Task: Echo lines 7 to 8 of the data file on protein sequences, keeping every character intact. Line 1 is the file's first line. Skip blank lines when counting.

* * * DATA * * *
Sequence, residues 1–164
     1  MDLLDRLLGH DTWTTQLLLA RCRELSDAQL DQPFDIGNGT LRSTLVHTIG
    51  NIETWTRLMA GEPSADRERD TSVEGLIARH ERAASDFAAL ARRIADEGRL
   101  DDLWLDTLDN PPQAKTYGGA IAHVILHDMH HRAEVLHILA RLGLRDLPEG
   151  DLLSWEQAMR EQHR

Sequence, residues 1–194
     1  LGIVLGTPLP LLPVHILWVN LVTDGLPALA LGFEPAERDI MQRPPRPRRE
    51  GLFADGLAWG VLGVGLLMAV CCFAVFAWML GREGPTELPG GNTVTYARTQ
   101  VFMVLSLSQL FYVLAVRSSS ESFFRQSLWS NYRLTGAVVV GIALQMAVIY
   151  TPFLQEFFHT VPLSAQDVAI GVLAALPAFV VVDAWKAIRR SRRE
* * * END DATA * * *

     1  LGIVLGTPLP LLPVHILWVN LVTDGLPALA LGFEPAERDI MQRPPRPRRE
    51  GLFADGLAWG VLGVGLLMAV CCFAVFAWML GREGPTELPG GNTVTYARTQ